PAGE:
An enhanced variance estimate for the RMAI after PIC for asynchronous systems were derived. Conditioning on the timevarying crosscorrelations, improvements to the LLR computation of Turbo decoders were achieved and performance was improved. The gains are more significant for heavily loaded systems and appear at moderate and high SNR. It is noted that only one stage of PIC and decoding was applied. While the variance estimate of equations (30) and (32) may be difficult to obtain in subsequent PIC stages, it is the idea of using a timevarying RMAI estimate in the LLR based on the random crosscorrelations that gives the performance gain. This is supported by the fact that the SILLRX performs reasonably close to the ILLRX. Hence, a constant term, obtained experimentally, multiplying the timevarying crosscorrelations should perform well. Further, it is wellknown that the performance of multiple stages is highly affected by the first stage, which is already improved. Further improvement may be achieved by computing scale factors to account for the difference between the true and estimated RMAI variances. Another additional modification based on the computation of the crosscorrelations is their use as a reliability indicator for partial PIC rather than fixed partial weights. One potential simplification that could reduce the computational load is to use the sum of the magnitude of the crosscorrelations. It is noted that the conditional variance estimates presented are directly applicable to singleuser Viterbi decoders.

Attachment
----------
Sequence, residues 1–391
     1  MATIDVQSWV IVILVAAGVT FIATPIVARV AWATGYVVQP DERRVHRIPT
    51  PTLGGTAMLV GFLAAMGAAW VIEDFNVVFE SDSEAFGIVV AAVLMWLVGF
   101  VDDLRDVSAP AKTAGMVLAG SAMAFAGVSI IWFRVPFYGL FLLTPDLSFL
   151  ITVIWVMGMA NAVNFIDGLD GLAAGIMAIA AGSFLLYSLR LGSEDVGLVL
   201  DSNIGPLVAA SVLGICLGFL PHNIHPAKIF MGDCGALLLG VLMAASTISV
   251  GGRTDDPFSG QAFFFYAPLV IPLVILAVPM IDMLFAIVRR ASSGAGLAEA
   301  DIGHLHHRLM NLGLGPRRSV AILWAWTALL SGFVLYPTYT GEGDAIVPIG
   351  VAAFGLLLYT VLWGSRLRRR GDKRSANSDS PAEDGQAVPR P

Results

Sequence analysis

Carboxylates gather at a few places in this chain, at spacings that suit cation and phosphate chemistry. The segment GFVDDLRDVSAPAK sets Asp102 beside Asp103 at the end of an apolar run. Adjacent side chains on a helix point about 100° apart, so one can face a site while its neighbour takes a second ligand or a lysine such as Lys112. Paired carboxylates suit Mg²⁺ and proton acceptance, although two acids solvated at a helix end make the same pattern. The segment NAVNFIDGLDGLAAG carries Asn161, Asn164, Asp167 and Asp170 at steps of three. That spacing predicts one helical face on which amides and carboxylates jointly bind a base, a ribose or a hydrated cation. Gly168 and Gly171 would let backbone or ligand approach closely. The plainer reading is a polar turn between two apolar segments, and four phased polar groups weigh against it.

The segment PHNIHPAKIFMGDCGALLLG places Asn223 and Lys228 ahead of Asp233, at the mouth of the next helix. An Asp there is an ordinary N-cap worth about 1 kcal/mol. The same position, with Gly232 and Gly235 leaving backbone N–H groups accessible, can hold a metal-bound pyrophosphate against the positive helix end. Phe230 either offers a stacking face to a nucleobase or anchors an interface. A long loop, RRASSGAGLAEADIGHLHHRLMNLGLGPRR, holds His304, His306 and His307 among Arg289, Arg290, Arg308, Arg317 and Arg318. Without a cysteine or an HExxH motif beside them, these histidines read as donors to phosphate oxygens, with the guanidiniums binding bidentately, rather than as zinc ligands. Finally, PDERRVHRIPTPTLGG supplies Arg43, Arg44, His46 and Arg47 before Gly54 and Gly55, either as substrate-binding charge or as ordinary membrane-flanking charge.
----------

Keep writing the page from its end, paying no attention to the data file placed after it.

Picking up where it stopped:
The subject matter disclosed herein is useful for improving performance of subtractive IC receiver structures, as well as receivers with no IC, for CDMA systems with forward error correction. Singleuser decoders are usually employed in multiuser receivers for their relatively low complexity. Despite various advances in multiuser detection, little or no attention has been given to improving the singleuser decoder LLRs in multiuser receivers. For subtractive IC detectors, information about the interfering users is available or acquired since it is needed in the IC stages. Some of this information may be incorporated in the decoder LLRs to improve performance. For CDMA systems with long sequences, such as IS95, several modifications, of varying complexity and performance, have been proposed to the decoder LLRs. The modifications were based on modeling the RMAI as Gaussian conditioned on the timevarying user crosscorrelations and deriving an accurate estimate of the RMAI variance. Significant performance improvement was demonstrated at moderate to high SNR. It should be mentioned that the modified decoders require as estimate of the average SNR or, equivalently, the noise power except at high SNR where the noise variance σ^{2 }may be neglected. This information is not explicitly needed for the IC stage, but is not difficult to calculate. For Turbo decoders the noise variance is always needed.